The PS4 Pro: 2 years later

As the first mid-gen console refresh, Sony’s PlayStation 4 Pro had little competition at the time of its release. Sure, the PC exists, but some could argue they’re not competing for the same demographic. Since the Xbox One X’s launch, Sony’s upgrade no longer holds the title as the most powerful console. With that said, how has the PS4 Pro upgrade fared over the past two years from a console gamer’s perspective?

The first wave of supported titles

Early adopters had a decent library of heavy hitters. Games like Mantis Burn Racing, Thumper, and NBA 2K17 ran at a native 4K resolution while boasting a 60 frames per second update. Rise of the Tomb Raider made good use of the newly introduced checkerboard rendering in its resolution mode while offering alternative settings for those that preferred an uncapped framerate or a push to higher graphical presets at 1080p. Ratchet & Clank‘s temporal injection also deserves recognition for delivering excellent image quality for a $400 console in 2016. Battlefield 1 used a higher dynamic resolution framebuffer than the other consoles while running with a mix of medium to high settings compared to the other consoles’ low to medium mix.

The PlayStation 4 Pro positioned itself as a reasonably priced console offering a “premium” experience. That strong impression, however, began to waver over the next two years.

Hardware deficiencies

Despite its specs boasting a nearly 2.3 times raw boost to GPU compute power, those numbers mean little in the grand scheme of things. The PS4 Pro added an additional gigabyte of DDR 3 RAM dedicated to operating the OS, slightly freeing up resources for developers to use in game. Despite this, the system at its core, still only contains 8GB of GDDR 5 memory with an incremental bandwidth increase. Once Microsoft showed up with 12GB of GDDR5 RAM and a bandwidth improvement over the Pro of over 100 GB/s , it became clear where Sony cut corners for cost.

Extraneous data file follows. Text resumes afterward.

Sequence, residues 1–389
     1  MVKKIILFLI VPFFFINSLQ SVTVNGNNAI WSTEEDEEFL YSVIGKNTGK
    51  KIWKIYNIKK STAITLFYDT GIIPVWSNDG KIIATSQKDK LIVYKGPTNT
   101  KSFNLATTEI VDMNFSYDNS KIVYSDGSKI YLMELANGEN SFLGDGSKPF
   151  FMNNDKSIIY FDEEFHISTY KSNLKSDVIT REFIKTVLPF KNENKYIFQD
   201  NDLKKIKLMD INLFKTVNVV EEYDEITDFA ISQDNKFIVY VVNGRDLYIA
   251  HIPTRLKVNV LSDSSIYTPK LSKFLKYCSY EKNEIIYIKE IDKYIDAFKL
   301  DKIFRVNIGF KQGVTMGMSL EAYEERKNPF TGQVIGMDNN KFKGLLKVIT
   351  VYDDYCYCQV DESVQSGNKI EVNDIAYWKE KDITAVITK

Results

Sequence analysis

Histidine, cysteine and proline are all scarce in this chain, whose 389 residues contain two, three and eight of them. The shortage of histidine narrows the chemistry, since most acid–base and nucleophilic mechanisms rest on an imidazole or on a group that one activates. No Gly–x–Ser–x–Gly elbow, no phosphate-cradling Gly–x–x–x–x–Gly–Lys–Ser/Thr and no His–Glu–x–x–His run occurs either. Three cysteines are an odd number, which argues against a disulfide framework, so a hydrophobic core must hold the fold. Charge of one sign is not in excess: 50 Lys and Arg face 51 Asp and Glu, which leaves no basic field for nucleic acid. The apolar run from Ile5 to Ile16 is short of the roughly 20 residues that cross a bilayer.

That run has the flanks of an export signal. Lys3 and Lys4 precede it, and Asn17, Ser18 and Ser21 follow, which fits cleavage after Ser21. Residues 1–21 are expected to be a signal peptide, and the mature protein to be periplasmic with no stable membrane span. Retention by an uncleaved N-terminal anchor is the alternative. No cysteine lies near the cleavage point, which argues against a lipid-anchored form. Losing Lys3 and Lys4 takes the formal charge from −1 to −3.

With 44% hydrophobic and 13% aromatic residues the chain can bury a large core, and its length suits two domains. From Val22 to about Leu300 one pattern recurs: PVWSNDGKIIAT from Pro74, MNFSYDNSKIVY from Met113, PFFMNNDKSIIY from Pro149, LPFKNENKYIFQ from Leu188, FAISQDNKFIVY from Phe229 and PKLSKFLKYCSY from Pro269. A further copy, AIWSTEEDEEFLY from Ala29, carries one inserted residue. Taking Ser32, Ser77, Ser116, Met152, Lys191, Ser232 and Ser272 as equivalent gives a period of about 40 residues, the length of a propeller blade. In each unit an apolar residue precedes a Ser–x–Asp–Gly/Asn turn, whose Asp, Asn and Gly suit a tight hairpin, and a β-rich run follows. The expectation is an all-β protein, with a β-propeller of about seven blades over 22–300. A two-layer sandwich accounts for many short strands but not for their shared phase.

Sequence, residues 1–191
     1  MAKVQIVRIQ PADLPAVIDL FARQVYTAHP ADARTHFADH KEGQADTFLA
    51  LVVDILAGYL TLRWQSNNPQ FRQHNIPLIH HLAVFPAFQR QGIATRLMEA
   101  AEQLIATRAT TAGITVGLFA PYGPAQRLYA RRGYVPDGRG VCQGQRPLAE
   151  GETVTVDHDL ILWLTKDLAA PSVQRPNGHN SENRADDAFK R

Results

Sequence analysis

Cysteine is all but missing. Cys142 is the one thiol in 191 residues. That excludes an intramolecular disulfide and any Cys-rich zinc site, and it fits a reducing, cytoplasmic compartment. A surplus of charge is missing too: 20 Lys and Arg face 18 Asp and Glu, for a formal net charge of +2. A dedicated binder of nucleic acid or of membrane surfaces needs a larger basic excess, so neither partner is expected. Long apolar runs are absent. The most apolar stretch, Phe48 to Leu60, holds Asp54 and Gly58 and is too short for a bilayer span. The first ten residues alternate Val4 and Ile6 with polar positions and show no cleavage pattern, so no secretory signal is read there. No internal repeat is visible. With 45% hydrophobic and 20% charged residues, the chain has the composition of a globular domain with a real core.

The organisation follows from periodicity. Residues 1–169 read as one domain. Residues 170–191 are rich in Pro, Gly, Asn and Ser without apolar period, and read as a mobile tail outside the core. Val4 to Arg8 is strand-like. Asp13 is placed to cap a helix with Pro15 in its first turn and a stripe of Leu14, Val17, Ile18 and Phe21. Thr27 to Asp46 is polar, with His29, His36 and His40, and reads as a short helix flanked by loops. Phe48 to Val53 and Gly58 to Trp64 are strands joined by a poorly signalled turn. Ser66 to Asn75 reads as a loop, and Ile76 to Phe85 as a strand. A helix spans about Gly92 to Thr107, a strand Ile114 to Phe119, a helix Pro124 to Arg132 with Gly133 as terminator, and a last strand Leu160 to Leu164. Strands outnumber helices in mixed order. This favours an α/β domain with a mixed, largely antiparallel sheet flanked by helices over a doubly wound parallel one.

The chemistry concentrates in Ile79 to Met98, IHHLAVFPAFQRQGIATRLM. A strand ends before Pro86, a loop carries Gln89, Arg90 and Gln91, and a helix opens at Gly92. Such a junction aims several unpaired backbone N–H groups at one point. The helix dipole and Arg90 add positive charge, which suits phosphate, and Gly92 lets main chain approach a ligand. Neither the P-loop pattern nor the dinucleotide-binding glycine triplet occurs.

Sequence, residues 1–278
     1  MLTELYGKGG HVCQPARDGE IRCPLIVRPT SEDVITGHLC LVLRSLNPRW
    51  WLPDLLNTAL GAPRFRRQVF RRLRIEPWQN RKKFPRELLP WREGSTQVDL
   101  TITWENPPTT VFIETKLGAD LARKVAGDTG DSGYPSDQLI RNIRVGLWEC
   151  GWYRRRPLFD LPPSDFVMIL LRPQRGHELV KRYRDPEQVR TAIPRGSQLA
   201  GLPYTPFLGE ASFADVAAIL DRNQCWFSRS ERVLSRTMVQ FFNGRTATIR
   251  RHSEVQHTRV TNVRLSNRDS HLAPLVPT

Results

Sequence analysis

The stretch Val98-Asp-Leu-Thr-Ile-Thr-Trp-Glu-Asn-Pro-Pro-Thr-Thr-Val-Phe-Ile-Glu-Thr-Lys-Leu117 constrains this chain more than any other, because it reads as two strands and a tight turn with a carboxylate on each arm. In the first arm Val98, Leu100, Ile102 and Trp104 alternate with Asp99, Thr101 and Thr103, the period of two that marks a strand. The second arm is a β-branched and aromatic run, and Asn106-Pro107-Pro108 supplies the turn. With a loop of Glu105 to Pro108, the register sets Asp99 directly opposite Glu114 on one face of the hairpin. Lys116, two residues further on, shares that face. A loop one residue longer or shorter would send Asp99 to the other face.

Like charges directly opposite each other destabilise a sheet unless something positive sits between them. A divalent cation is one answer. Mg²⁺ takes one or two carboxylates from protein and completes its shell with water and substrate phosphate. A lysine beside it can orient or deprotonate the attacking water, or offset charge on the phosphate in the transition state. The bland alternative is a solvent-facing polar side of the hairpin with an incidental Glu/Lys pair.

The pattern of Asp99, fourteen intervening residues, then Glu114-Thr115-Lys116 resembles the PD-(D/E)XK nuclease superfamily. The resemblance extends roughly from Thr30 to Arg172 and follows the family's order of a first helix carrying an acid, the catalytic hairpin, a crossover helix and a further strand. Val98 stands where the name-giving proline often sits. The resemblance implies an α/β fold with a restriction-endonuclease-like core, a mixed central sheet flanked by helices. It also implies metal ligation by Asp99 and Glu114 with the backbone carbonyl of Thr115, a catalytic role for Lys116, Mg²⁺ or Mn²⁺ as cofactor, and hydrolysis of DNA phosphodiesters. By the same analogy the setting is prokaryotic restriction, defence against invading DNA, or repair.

While this makes the Pro a more affordable machine for the mass market, its lopsided design also makes higher resolutions difficult without the use of reconstruction techniques like checkerboard rendering. In the end, the Xbox One X was the PS4 Pro’s “downfall.” With some exceptions, it’s Sony’s first party titles that make the best use of the Pro’s hardware. Though this turnout was expected, its inconsistent third-party support wasn’t.

The first sign of trouble

Although the PS4 Pro left a strong first impression, its shortcoming quickly became apparent. After witnessing great image quality with Rise of the Tomb Raider, Bound, Ratchet and Clank, and Deus Ex: Mankind Divided, Square Enix’s AAA RPG left me scratching my head.

Those games looked good on a 55-inch 4K TV. Why, then, did Final Fantasy 15 look like such a blurry mess? People droned on about how amazing the graphics were, yet as an owner of the best looking version at launch, I had no idea what anyone was talking about. Nearly every 1080p game I had seen prior was sharper despite Final Fantasy 15‘s dynamic resolution stretching as high as around the 1800p region. What was going on?

As it turns out, Final Fantasy 15 makes the case for why Temporal Anti-Aliasing is the generation’s worst trend. TAA provides better overall coverage than many other AA methods at the expense of clarity. It doesn’t ruin the image as much as FXAA, but the end result is still blurrier than a raw, aliased image. Square Enix must have doused its entire game in a lake of oil because I haven’t seen such an aggressive TAA implementation since.